Before Koh joined the case, dozens of suspects had already been detained and questioned but there was no solid evidence – only hearsay provided by informants. Koh combed through the information and found an interesting pattern: Most of the suspects in custody were not only members of the Communist party but had also been arrested based on tip-offs.
Suspicious, Koh began scrutinising the informants instead of the suspects. She soon discovered that one source had been inconsistent in his testimony. Further investigation revealed that the man was a former sergeant of the Chinese Nationalist Party’s army (the political party that ruled China before 1949, when the Communist party took control). His deep resentment towards the Communist party provided political motivation to frame the suspects.
This led Koh to question the source’s subordinates in search of more clues. In a major breakthrough, one underling confessed that his boss was the leader of a robbery syndicate and had led three accomplices to rob a jewellery shop in Kowloon with the stolen guns. Koh arrested the syndicate leader, who was later found guilty of double homicide, and retrieved the guns. Her performance was highly praised and, the following year, she was promoted to inspector.
Leading by example
Witnessing Koh’s remarkable rise, HKPF leaders decided to hire more female constables. In May 1951, Koh was named the first female instructor of the Police Training School and tasked with forming a team of officers to permanently replace the “female searchers” in the force.
This time, the recruitment effort was a huge success, with some 200 women applying for positions. Koh selected 10 and, after a six-month training course under her guidance, nine women joined the force. Throughout the 1950s, Koh and her female battalion played an instrumental role in several dangerous operations and complicated investigations.
During her 12-year tenure on the force, Koh continued to garner accomplishments, including four awards from the HKPF. Although her title remained ‘inspector’, she was considered the de facto director of the women’s police team.
However, circumstances changed in 1961, when the force recruited Marjorie Elsie Lovell, a sergeant from the UK, to officially assume the position of superintendent in charge of the women’s police team. Even though Lovell had slightly less experience, Koh was relieved of her management duties and demoted to a normal inspector. Understandably angry and demoralised, Koh retired that same year at the age of 45.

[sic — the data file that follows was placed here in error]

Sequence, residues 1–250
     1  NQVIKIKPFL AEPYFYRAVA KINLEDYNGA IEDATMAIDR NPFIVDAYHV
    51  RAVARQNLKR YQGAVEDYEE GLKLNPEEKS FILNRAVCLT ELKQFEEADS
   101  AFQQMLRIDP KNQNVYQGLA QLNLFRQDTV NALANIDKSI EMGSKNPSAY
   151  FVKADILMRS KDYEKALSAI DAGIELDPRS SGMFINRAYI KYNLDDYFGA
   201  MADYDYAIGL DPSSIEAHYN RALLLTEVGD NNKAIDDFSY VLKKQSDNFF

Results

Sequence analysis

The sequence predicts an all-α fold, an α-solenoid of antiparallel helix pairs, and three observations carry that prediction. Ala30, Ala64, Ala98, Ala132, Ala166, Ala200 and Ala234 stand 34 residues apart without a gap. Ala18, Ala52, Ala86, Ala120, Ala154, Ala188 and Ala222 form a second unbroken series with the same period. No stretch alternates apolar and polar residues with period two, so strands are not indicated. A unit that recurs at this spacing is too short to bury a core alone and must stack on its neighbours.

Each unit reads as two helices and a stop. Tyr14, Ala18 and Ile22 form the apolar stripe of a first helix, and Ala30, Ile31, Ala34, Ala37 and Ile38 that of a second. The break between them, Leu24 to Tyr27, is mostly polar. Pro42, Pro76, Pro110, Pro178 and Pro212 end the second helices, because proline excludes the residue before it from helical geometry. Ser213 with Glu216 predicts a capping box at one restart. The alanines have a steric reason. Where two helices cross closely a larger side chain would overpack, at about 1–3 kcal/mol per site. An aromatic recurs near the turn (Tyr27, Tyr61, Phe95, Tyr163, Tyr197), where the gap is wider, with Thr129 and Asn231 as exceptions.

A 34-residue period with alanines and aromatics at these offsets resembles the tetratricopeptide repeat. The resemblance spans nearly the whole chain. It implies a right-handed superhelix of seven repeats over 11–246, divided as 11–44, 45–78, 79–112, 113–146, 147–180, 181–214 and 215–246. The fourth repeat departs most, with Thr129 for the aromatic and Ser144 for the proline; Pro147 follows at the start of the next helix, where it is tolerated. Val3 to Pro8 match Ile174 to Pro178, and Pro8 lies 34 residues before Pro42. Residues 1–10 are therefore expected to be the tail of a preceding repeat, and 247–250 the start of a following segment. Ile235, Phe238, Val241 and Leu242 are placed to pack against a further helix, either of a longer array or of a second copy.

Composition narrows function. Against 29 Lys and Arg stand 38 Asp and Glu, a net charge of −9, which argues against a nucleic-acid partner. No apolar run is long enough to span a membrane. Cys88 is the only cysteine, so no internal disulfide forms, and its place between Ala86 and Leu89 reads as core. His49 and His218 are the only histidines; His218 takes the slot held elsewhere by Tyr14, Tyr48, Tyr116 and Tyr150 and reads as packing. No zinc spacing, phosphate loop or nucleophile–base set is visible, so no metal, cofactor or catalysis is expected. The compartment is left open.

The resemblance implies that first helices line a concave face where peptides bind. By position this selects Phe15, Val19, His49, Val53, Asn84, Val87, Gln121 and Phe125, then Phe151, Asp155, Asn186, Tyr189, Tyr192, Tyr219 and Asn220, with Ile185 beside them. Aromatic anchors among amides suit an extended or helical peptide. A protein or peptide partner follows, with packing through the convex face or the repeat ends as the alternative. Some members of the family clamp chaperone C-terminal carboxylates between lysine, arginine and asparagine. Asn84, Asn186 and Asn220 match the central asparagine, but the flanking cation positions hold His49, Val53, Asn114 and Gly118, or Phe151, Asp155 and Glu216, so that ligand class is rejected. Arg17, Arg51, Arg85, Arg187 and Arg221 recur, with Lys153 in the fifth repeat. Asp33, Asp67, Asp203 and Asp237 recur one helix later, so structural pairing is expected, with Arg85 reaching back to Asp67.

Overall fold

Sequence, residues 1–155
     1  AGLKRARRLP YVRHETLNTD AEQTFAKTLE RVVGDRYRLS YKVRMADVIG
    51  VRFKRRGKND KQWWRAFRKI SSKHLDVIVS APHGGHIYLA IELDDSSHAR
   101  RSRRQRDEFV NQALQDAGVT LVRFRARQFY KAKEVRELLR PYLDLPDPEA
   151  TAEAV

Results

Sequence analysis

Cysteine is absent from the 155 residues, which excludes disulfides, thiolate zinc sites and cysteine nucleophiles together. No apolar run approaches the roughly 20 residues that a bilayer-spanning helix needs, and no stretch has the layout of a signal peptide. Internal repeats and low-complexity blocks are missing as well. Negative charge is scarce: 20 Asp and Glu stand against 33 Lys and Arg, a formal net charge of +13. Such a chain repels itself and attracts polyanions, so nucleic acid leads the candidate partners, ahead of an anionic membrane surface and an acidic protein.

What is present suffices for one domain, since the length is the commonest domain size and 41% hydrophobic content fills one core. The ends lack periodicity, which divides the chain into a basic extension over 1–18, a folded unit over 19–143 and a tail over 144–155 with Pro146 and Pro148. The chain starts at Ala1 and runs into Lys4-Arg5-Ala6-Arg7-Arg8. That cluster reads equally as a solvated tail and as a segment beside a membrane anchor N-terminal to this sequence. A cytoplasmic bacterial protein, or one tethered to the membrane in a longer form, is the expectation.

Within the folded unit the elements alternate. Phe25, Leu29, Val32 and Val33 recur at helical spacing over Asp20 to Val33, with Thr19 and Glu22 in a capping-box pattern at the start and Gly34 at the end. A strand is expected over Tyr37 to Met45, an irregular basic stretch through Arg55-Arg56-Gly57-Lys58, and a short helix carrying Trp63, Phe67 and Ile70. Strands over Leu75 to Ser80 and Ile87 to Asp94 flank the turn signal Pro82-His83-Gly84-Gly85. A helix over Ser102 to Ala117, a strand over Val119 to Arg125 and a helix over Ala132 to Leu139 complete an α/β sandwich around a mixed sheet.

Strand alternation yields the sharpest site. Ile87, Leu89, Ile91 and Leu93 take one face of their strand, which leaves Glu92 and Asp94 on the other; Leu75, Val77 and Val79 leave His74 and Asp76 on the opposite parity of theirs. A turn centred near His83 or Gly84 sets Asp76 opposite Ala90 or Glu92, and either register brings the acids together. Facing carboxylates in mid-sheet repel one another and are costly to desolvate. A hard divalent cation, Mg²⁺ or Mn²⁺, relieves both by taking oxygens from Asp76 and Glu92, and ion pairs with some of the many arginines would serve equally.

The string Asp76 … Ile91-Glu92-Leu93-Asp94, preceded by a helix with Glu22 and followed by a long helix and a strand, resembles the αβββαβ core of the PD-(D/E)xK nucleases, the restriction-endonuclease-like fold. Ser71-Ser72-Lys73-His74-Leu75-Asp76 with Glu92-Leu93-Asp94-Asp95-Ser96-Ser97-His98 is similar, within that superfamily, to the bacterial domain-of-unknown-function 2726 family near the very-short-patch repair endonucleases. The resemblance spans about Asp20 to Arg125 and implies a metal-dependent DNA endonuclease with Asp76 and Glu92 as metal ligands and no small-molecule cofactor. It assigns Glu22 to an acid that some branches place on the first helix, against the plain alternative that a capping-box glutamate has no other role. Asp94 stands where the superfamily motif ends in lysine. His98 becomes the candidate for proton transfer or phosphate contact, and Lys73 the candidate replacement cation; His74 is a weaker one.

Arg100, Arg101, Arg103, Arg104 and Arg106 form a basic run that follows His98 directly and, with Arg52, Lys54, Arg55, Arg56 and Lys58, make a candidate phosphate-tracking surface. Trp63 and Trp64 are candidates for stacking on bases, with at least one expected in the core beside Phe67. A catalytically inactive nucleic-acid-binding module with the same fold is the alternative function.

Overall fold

When asked about her career, Koh told Lin Kim Kong, author of The Origins of Hong Kong Police 1841-1971 (loose translation), that maintaining her integrity was always paramount. “In an era where corruption was so prevalent, I managed to live [and work] with dignity. I remained ‘clean’ from the day I joined the police through to the day I quit!”
A more inclusive future
After leaving the force, Koh returned to Malaysia where she joined her family’s logging business. Even from afar, she kept a close eye on the HKPF’s developments. She was especially pleased when she learned that women’s benefits and career prospects improved. In the 1970s, for instance, the force introduced equal compensation policies for women. In 1992, they formed the first all-female Police Tactical Unit (PTU) for the first time.
“In the past, we were only entitled to 80 per cent of a male officer’s salary. I am really glad both men and women officers now enjoy the same benefits,” she told Offbeat, at the age of 85. “It not only reflects gender equality but also recognises the work and contributions of female officers.”
Minimal details have been recorded regarding Koh’s personal life, and the police declined to connect Ariana with her family out of respect for their privacy. But archival interviews and published reports show that, in 1980, Koh returned to Hong Kong to live with her nephew.
In her final years, Koh suffered from health ailments and was supported by the Hong Kong Police Force Welfare Service Group. Following her passing*, Koh’s family donated her HKPF-related belongings to the Hong Kong Police Museum, where some remain on display today.
*The HKPF declined to reveal the year of Koh’s death out of respect for the family’s privacy.